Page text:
Souter, J., dissenting
Previously convicted witnesses may testify honestly, but some convictions raise more than the ordinary question about the witness's readiness to speak truthfully. A fact-finder who appreciates a heightened possibility of perjury will respond with heightened scrutiny, and when a defendant discloses prior convictions at the outset of her testimony, the jury will bear those convictions in mind as she testifies, and will scrutinize what she says more carefully. The purpose of Rule 609, in making some convictions admissible to impeach a witness's credibility, is thus fully served by a defendant's own testimony that the convictions occurred.
It is true that when convictions are revealed only on cross-examination, the revelation also warns the factfinder, but the timing of their disclosure may do more. The jury may feel that in testifying without saying anything about the convictions the defendant has meant to conceal them. The jury's assessment of the defendant's testimony may be affected not only by knowing that she has committed crimes in the past, but by blaming her for not being forthcoming when she seemingly could have been. Creating such an impression of current deceit by concealment is very much at odds with any purpose behind Rule 609, being obviously antithetical to dispassionate factfinding in support of a sound conclusion. The chance to create that impression is a tactical advantage for the Government, but only in the majority's dismissive sense of the term; it may affect the outcome of the trial, but only if it disserves the search for truth.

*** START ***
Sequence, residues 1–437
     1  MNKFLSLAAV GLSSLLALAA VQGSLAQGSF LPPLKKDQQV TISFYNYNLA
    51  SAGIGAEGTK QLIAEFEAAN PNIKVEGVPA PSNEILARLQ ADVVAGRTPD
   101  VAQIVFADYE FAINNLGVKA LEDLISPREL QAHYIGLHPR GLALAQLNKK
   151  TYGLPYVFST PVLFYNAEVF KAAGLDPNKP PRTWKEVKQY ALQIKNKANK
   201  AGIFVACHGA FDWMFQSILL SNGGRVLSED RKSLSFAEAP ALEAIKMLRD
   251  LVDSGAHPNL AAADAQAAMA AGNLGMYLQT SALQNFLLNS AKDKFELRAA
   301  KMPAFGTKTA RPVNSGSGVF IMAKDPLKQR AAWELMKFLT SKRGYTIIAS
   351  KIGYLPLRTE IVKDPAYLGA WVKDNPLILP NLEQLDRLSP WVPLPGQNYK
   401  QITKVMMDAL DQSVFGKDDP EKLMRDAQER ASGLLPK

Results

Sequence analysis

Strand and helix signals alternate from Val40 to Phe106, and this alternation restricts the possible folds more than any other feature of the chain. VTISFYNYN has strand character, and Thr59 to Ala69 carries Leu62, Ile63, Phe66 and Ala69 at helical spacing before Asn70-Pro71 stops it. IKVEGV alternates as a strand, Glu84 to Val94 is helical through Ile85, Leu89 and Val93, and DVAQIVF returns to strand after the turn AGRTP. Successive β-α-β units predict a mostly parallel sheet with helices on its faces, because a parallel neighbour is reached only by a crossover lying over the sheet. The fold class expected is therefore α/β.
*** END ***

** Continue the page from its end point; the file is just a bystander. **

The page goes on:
Allowing the defendant to introduce the convictions on direct examination thus tends to promote fairness of trial without depriving the Government of anything to which it is entitled. There is no reason to discourage the defendant from introducing the conviction herself, as the majority's waiver rule necessarily does.Page: Index Previous 1 2 3 4 5 6 7 8 9 10 11 12
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